Realist

Realists are usually interested in 'things' - such as buildings, mechanics, equipment, tools, electronics etc. Their primary focus is dealing with these - as in building, fixing, operating or designing them. Involvement in these areas leads to high manual skills, or a fine aptitude for practical design - as found in the various forms of engineering.

Realists like to find practical solutions to problems using tools, technology and skilled work. Realists usually prefer to be active in their work environment, often do most of their work alone, and enjoy taking decisive action with a minimum amount of discussion and paperwork.

Investigative

The Investigative person will usually find a particular area of science to be of interest. They are inclined toward intellectual and analytical activities and enjoy observation and theory. They may prefer thought to action, and enjoy the challenge of solving problems with sophiscticated technology. These types prefer mentally stimulating environments and often pay close attention to developments in their chosen field.

Qualities

As an architect, you need creativity and imagination to produce something that is visually pleasing and suited to its environment. Architects must have good organisational skills. You need to be able to work as part of a team as no building job can be designed alone without the help of other professionals.  
 
You need to be good at mathematics, technical drawing and English, and you need to have good presentation skills, which you need to be able to combine with knowledge of building technology.  
 
You also need to be able to sketch and draw although you do not need to have studied art. Most architectural work done today uses Computer Aided Design (CAD) so computer knowledge is essential.

Entry Requirements - Architect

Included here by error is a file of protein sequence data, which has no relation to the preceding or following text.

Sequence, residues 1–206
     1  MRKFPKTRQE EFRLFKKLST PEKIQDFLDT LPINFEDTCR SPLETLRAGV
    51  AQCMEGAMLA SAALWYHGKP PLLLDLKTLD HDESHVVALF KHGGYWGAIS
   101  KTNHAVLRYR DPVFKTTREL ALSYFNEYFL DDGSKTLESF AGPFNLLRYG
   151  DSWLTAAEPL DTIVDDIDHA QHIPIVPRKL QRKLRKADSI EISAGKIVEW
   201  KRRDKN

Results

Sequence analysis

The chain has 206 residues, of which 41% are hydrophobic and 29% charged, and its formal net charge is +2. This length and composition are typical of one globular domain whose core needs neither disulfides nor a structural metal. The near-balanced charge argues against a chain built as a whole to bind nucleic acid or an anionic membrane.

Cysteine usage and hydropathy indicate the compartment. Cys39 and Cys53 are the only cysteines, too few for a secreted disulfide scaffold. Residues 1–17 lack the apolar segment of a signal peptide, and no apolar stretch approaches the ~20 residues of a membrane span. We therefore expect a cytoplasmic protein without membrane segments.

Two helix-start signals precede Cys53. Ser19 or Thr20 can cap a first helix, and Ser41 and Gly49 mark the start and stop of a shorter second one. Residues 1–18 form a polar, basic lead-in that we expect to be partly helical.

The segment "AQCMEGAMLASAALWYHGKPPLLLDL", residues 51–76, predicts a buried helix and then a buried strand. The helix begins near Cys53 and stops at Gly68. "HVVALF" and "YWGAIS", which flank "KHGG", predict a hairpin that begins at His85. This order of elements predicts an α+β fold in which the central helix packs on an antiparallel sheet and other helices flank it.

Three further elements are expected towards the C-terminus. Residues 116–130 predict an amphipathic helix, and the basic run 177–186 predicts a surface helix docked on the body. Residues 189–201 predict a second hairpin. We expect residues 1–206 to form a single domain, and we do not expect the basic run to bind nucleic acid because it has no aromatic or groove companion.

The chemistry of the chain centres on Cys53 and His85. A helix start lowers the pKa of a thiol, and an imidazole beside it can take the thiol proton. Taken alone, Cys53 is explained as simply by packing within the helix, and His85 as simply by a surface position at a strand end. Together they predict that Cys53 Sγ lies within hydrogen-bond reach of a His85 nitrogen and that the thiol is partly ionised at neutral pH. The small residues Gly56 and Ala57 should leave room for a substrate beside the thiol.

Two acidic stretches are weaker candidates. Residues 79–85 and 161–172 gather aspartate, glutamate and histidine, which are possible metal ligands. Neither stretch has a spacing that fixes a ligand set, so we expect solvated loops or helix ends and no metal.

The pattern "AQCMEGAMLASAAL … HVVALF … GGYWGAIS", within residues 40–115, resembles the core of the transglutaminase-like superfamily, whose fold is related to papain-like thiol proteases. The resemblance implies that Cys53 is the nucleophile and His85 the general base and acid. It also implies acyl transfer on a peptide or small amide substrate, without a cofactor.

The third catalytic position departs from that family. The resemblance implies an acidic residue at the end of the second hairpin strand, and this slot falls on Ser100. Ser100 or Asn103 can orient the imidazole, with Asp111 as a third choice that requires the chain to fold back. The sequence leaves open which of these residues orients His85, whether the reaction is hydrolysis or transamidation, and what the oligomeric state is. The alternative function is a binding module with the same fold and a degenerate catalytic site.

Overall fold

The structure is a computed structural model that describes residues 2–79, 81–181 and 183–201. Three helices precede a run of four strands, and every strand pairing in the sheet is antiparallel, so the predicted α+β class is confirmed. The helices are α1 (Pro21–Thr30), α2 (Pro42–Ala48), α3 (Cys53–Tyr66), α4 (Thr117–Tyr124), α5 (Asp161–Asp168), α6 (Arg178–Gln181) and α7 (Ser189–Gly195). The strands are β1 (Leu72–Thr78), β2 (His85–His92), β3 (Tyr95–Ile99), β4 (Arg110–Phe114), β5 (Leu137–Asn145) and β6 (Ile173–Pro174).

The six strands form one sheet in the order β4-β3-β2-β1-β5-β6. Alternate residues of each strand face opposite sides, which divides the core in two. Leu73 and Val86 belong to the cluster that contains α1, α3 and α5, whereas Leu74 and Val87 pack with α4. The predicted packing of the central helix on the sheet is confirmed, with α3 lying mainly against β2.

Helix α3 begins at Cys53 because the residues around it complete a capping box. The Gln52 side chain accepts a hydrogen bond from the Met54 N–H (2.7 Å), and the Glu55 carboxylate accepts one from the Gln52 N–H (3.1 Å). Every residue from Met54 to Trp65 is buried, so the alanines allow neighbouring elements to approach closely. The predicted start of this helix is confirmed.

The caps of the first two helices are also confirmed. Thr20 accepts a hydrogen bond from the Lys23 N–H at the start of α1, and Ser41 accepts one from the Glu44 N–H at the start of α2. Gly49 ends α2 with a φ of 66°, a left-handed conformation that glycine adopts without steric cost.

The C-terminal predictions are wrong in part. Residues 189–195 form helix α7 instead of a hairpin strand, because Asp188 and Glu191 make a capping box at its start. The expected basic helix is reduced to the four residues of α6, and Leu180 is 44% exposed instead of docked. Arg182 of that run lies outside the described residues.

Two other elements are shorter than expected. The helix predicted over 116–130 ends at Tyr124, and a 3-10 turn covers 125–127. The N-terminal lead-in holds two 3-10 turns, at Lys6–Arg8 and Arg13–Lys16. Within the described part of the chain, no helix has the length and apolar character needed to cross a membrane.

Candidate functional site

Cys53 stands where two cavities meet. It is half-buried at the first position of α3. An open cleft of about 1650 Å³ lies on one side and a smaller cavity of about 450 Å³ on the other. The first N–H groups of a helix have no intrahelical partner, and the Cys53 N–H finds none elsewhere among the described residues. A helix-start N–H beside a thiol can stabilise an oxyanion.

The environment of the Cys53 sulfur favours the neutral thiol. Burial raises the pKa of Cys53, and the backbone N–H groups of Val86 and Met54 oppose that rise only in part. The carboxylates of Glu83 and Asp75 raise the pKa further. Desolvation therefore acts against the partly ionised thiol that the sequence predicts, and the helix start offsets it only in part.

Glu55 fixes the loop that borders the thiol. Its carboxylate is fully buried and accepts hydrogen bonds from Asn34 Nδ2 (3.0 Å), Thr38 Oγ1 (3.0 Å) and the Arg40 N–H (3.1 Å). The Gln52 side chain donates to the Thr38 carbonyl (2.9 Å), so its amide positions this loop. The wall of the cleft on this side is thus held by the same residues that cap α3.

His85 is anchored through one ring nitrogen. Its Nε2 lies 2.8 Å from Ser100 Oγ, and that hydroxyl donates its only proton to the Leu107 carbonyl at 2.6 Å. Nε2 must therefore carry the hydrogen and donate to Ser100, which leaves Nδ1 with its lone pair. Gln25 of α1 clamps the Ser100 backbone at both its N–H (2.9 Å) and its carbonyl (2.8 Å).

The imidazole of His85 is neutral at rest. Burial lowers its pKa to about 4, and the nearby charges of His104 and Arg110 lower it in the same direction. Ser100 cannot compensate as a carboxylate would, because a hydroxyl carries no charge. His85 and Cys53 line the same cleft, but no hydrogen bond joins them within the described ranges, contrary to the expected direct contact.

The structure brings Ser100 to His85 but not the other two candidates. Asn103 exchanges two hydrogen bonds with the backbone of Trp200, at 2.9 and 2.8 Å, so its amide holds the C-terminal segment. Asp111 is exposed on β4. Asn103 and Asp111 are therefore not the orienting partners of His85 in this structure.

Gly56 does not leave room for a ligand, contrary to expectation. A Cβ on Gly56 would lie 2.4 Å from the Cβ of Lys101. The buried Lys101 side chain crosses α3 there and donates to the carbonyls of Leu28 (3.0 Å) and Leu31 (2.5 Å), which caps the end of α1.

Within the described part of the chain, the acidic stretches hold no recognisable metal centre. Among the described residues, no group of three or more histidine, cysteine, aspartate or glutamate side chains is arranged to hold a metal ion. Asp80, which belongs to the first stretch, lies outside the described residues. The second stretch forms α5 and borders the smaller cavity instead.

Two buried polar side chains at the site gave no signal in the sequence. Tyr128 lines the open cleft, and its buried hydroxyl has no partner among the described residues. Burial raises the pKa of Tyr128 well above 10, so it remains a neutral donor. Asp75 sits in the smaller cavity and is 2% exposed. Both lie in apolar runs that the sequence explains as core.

The designation of the term 'architect', like that of 'doctor', is protected - it cannot be used by anyone who does not have specific qualifications and accreditation.

In Ireland, to become an architect you must first get a degree from a recognised school of Architecture, followed by two years of approved practical experience and successfully pass an accredited professional practice examination. Accredited professional practice examinations are currently provided by TU Dublin and UCD.

Recognised degree courses in architecture take five years of full-time study. Many students take a year out for practical experience between the third and fourth years. Achieving full professional qualification as an architect can therefore take seven to nine years.

Five-year degree programmes may be split into a three-year course followed by a two-year course, or a four-year course followed by a one-year course. Graduates of the initial three-year or four-year Architecture courses are eligible for RIAI student membership.

On completion of your 5 year qualification in architecture with a recognised college, you are eligible for architectural graduate membership of the RIAI.

Once you have achieved a minimum of two years approved post graduate experience you can take a professional practice examination provided by TU Dublin or UCD. On passing your professional practice examination you become eligible to apply for admission to the Register for Architects and full membership of the RIAI. RIAI Accreditation is recognised by the Irish Government and EU legislation.

Last Updated: May, 2019

Pay & Salary - Architect

Salary Range (thousands per year)* €31k - €100k

Partner / Director 90,000 - 100,000
Associate Architect 70,000 - 80,000
Registered Architect 45,000 - 65,000
Architectural Graduate 31,000 - 38,000

Data Source(s):
Lincoln

Last Updated: May, 2019

* The lower figures typically reflect starting salaries. Higher salaries are awarded to those with greater experience and responsibility. Positions in Dublin sometimes command higher salaries.

Labour Market Updates - Architect

Although the number of quantity surveyors is too small to report, employers have indicated that they are experiencing difficulty in sourcing these skills. Demand is likely to be limited in volume due to the small size of this occupation.

National Skills Bulletin 2018

Useful Contacts - Architect